FEAST OF ST. THOMAS, APOSTLE
Psalter: Proper / (Red)
Ps 117:1bc, 2
Go out to all the world and tell the Good News.
1st Reading: Eph 2:19-22
Now, you are no longer strangers or guests, but fellow citizens of the holy people: you are of the household of God. You are the house, whose foundations are the apostles and prophets, and whose cornerstone is Christ Jesus. In him, the whole structure is joined together, and rises, to be a holy temple, in the Lord. In him, you, too, are being built, to become the spiritual Sanctuary of God.
Gospel: Jn 20:24-29
Thomas, the Twin, one of the Twelve, was not with them when Jesus came. The other disciples told him, “We have seen the Lord.“ But he replied, “Until I have seen in his hands the print of the nails, and put my finger in the mark of the nails and my hand in his side, I will not believe.“
Eight days later, the disciples were again inside the house and Thomas was with them. Although the doors were locked, Jesus came and stood in their midst and said, “Peace be with you!“ Then he said to Thomas, “Put your finger here, and see my hands; stretch out your hand, and put it into my side. Do not continue in your unbelief, but believe!“
Thomas said, “You are my Lord and my God.“ Jesus replied, “You believe because you see me, don’t you? Happy are those who have not seen and yet have come to believe.“
It is a pity and quite unfair that the nickname “Doubting Thomas“ will forever be stuck with the apostle whose feast we celebrate today. Such a moniker has glossed over his heroism in bringing Christianity to many places as far as Kerala in southern India (according to an old tradition).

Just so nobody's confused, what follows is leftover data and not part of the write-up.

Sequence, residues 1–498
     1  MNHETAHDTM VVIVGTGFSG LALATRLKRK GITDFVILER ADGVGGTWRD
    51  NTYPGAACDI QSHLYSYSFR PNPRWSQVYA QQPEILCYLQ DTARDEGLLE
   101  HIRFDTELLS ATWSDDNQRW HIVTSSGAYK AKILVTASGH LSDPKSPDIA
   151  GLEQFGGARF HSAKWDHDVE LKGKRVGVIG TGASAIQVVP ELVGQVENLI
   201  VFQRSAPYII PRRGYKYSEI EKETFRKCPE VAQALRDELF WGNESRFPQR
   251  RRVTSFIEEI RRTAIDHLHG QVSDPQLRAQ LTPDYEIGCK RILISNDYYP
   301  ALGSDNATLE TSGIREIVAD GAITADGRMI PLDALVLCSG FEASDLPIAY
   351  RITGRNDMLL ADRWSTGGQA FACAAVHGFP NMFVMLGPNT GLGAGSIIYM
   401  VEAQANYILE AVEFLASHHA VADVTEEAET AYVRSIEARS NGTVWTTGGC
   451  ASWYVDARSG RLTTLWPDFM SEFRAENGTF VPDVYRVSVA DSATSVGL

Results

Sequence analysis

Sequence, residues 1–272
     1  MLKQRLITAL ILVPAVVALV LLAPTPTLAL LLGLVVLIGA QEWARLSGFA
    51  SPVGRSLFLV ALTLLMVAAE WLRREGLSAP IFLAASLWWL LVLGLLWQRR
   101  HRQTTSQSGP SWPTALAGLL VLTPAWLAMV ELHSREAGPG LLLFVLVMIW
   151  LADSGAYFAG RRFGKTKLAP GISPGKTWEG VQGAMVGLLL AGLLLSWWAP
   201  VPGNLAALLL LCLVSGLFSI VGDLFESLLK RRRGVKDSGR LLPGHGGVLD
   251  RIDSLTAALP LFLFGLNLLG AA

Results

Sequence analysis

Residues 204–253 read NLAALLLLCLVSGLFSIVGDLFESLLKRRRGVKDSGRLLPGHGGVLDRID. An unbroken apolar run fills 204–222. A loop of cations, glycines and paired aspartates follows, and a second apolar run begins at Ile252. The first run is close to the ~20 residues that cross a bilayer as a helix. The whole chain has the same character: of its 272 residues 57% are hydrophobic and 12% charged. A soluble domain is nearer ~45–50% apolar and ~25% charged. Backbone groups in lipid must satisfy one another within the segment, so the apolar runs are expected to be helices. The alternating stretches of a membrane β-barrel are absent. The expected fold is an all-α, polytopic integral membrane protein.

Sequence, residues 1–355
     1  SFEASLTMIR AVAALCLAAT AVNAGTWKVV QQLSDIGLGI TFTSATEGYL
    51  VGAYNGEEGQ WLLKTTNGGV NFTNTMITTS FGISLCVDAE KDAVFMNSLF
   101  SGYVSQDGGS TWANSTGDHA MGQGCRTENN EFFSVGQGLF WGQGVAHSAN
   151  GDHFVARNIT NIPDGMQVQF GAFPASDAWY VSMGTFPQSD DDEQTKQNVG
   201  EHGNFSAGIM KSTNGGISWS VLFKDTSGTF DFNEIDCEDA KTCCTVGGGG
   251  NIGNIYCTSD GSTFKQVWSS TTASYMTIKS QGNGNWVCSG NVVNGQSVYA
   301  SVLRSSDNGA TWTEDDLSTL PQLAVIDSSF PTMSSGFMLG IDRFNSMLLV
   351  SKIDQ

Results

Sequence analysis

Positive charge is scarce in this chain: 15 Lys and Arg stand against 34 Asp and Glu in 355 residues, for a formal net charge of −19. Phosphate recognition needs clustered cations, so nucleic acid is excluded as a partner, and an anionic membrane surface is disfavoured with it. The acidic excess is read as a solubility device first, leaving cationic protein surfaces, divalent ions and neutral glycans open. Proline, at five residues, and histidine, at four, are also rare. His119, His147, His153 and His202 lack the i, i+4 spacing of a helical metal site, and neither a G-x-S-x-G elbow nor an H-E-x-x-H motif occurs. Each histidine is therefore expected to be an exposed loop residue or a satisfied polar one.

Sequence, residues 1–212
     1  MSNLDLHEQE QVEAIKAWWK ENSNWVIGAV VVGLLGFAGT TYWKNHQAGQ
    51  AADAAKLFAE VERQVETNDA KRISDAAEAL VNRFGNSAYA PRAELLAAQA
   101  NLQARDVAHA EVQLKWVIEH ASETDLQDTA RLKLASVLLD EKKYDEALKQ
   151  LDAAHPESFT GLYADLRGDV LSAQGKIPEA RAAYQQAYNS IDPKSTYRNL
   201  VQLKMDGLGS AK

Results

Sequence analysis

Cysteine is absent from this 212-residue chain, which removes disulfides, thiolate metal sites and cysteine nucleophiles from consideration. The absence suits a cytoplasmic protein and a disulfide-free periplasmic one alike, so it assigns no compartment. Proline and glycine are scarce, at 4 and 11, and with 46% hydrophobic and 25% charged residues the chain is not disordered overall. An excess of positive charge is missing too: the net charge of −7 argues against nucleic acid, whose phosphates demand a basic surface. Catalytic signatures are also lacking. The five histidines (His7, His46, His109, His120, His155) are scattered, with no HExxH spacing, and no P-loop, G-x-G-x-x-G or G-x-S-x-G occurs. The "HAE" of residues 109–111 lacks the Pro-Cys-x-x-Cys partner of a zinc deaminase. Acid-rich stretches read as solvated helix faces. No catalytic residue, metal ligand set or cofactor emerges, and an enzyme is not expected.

In another sense, however, there is also a good side to that. Thomas makes the apostles seem more real, more human like the rest of us. His experience tells us that it is normal to have doubts, once in a while. Thomas was just being honest when he expressed his hesitations and fears. Going back to his experience will certainly help us in moments of uncertainty, in moments when we lose our self-confidence, in moments of suffering, disappointment, failure or even the loss of a loved one. At such moments Thomas is a comfort to us because his experience is an acknowledgment that believing is no easy task. It is a risky venture which demands a lot of courage and trust because we hardly have any evidence that what we believe in is true. We can see ourselves in Thomas the skeptic and cynic.
His personal encounter with the Risen Lord, however, transformed him. His doubts, fears and uncertainties disappeared. We may not encounter the Risen Lord in exactly the same manner that Thomas and the other apostles did but we do encounter him in various ways especially through the sacraments. Unlocking our hearts to him would allow us to receive the gift of faith that would drive away our fears, doubts and uncertainties.
Daily Gospel ® is a product Claretian Publications, a division of Claretian Communications Foundation, Inc. (CCFI) which is a pastoral endeavor of the Claretian Missionaries in the Philippines that brings the Word of God to people from all walks of life. CCFI aims to promote integral evangelization and renewed spirituality that is geared towards empowerment and total liberation in response to the needs and challenges of the Church today.
CCFI is a member of Claret Publishing Group, a consortium of the publishing houses of the Claretian Missionaries all over the world: Bangalore, Barcelona, Buenos Aires, Chennai, Colombo, Dar es Salaam, Lagos, Madrid, Macao, Manila, Owerry, São Paolo, Varsaw , Yaoundé.
Biblical Texts are taken from Christian Community Bible, Catholic Pastoral Edition (57th Edition) The New English Translation for the ROMAN MISSAL
With permission from the EPISCOPAL COMMISION ON LITURGY of the Catholic Bishops’ Conference of the Philippines
Readings and Reflections
Copyright © 2O16
Claretian Communications Foundation, Inc.
U.P. P.O. Box 4, Diliman,
1101 Quezon City, Philippines
Tel.: (63-2) 921-3984
Fax: (6352) 921-7429